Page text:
A highly influential labor leader Friday suggested congressional Democrats might not the full support of unions in the upcoming midterm elections should they not pass a full healthcare reform package.

Service Employees International Union President Andy Stern chided House Democrats for contemplating scaled-back healthcare reform in favor of passing the Senate bill through the House. 


“It’s gonna be incredibly difficult to stay focused on national politics if by the end of 2010 we have minimal health care and minimal changes on what’s important to our members,” he said in an interview with liberal blogger Greg Sargent.

Stern said the House Democrats' apparent new plan as "fear masquerading as a strategy."

Democrats have struggled to find a new way to pass healthcare reform since voters in Massachusetts picked Scott Brown (R) to be their next senator on Tuesday. Once Brown is seated, he will break the Democrats' 60-seat, filibuster-proof majority.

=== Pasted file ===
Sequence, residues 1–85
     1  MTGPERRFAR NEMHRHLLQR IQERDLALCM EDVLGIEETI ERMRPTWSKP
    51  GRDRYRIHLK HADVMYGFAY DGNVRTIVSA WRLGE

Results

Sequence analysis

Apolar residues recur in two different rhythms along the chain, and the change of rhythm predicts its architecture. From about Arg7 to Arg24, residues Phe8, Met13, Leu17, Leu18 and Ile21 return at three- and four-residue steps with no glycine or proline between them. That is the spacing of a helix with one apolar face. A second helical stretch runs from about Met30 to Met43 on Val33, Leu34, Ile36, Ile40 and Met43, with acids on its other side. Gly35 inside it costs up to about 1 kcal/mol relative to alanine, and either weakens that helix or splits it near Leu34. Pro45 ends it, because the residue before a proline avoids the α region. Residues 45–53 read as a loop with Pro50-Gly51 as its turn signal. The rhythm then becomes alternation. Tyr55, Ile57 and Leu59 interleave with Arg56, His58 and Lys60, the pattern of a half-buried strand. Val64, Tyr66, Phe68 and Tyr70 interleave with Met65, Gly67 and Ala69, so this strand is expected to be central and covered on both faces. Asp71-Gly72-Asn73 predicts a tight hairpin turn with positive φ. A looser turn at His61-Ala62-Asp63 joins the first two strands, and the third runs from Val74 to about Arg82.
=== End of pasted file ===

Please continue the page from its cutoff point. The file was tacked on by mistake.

Stern and Senate Democrats favor passing the Senate bill through the House while the Senate would make fixes to the bill using budget reconciliation procedures. 

House Democratic leaders, though, have backed away from the plan because members of the rank-and-file have said they are unable to support it. Many appear to favor passing a number of popular reforms one-by-one.

The disagreement between House and Senate Democrats have left lawmakers at an impasse on the legislation.

Stern countered that “If something significant doesn’t happen in Congress, I hope the legislators appreciate that there are 37 governors races important to our members."

Before Brown's election, Stern and other labor leaders previously struck a deal with lawmakers to lessen the impact of the excise tax on high-cost healthcare plans contained in the Senate bill. 

Stern urged that Congress to pass the Senate bill with the excise tax fix.

“For the 31 million people who don’t have health care, for the 14,000 who lose it every day, for the 120 people who die every day, they elected this Congress to make change, not to set their sights lower when the going gets tough," he said.